The High Commissioner in Haiti ( Russell ) to the Secretary of State
[Received November 17—2:30 p.m.]
140. Department’s 108 November 14, 3 p.m. I presented Department’s views to President Borno and urged him to accomplish an exchange of notes. President Borno immediately objected to Department’s views stating, first, that when British and other governments except French agreed to submit claims to Claims Commission and to nominate their own delegate for said Commission they did so without reservation and thereby accepted the protocol of 1919; second, that to permit foreign governments to have the right of appeal even through diplomatic channels and not allow Haitians an appeal would be most unfair to the Haitians (the Claims Commission law prohibits an appeal to the courts); third, that to permit Haitians to appeal to the courts would prolong the final settlement of claims indefinitely. The President then stated that if the British, Italian and German Governments would agree not to appeal from the decisions of the Claims Commission he would then be willing to accept the French position but that already a member of the British Legation had informed him that if the French were allowed to appeal from the decisions of the Claims Commission the British would of course request the same right. He then stated that rather than submit to such conditions he would prefer to have all French claims referred [Page 550] to the Arbitral Tribunal. The decisions of such tribunal could, he said, be rendered in less than a year.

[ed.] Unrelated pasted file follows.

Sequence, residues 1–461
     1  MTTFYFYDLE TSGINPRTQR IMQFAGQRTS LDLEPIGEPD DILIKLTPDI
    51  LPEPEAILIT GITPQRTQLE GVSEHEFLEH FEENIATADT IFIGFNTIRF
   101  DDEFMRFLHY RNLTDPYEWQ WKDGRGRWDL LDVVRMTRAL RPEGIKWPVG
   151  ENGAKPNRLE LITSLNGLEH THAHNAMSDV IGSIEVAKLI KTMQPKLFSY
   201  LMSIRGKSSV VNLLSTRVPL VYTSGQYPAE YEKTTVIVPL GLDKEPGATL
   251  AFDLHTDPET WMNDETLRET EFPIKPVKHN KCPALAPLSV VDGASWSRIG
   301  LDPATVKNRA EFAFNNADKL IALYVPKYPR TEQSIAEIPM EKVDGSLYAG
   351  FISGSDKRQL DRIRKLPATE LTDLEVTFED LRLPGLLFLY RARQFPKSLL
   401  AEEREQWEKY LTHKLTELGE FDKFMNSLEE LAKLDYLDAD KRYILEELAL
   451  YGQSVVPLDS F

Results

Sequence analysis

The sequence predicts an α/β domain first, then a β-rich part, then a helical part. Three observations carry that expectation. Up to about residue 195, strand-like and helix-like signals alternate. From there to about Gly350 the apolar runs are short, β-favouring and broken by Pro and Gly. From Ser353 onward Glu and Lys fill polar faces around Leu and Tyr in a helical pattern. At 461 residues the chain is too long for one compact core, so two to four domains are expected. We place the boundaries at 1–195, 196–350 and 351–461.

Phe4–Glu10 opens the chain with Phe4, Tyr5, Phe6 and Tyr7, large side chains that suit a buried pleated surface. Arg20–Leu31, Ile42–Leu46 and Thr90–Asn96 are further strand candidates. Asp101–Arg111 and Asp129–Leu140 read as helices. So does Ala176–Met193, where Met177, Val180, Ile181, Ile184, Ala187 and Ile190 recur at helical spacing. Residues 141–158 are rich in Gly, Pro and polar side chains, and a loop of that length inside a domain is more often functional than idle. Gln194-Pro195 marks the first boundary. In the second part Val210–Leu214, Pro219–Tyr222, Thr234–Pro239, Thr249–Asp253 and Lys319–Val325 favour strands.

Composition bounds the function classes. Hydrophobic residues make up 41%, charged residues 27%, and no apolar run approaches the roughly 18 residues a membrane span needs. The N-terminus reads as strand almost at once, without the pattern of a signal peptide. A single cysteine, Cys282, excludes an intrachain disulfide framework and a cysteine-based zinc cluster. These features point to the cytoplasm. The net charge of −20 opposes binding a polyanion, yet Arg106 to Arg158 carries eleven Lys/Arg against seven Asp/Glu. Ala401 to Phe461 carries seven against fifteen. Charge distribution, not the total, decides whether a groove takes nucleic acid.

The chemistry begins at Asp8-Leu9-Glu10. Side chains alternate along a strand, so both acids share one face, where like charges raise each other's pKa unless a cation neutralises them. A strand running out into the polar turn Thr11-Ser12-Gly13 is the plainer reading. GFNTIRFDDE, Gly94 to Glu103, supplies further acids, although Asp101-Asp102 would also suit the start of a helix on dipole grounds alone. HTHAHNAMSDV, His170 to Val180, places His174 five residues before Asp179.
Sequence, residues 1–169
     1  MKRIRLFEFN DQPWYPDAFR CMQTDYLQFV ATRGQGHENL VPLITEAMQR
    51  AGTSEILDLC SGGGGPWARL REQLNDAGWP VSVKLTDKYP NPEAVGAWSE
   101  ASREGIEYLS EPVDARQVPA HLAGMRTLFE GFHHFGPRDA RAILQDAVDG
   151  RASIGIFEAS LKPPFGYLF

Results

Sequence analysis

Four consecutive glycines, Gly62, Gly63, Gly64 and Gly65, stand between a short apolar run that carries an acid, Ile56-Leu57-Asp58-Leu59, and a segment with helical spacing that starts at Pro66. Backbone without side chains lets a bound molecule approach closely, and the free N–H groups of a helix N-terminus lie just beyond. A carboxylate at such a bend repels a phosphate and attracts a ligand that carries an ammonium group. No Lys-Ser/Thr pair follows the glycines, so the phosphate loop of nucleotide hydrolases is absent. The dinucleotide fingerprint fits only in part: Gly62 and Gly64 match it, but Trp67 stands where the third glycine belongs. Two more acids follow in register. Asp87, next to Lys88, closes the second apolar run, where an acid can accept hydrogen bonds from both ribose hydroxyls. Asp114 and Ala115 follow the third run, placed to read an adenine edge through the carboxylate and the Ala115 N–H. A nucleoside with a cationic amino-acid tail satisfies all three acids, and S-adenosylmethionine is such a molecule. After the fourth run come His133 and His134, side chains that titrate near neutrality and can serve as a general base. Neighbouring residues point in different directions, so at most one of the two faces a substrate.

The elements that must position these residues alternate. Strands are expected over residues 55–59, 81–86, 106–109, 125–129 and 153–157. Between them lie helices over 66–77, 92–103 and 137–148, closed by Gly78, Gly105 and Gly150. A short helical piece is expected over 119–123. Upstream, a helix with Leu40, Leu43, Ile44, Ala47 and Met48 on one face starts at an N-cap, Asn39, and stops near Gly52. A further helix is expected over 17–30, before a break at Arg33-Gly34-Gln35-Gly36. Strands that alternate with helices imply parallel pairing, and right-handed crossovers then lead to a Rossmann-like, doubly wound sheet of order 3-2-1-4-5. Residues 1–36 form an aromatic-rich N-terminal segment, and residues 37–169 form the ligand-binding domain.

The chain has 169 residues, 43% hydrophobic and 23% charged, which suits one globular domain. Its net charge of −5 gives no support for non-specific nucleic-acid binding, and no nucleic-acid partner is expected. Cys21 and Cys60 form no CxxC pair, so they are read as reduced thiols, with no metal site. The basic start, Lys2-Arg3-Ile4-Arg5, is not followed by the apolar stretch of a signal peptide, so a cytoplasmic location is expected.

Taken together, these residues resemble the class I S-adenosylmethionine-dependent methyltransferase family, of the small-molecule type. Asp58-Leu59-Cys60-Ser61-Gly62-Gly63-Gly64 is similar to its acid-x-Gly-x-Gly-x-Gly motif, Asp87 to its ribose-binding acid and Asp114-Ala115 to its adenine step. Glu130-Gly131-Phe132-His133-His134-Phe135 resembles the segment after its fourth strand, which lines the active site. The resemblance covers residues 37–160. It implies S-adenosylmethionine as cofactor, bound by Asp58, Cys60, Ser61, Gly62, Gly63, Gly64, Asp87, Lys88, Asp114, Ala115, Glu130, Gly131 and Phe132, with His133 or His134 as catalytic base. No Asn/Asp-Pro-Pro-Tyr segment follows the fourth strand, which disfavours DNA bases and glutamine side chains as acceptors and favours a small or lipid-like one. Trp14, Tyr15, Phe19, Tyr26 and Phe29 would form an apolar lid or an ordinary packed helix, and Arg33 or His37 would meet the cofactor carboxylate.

I pointed out to President Borno the necessity for all claims being considered by the Claims Commission and the advantage to be derived by such action. He was very insistent and stated that it was impossible to give to foreigners what he could not give to Haitians. He declared he could not believe that French Government was aware of the real situation. He believed that the French Minister here was the cause of the insistence of the French Government and that the French Government had not been fully informed. He asked me to request the Department of State to inform the French Government of the true situation and to point out to it the impossibility of the Haitian Government[’s] giving to foreigners a right of appeal that it could not give to its own people.6
- No formal official action appears to have been taken on the last sentence of this telegram.↩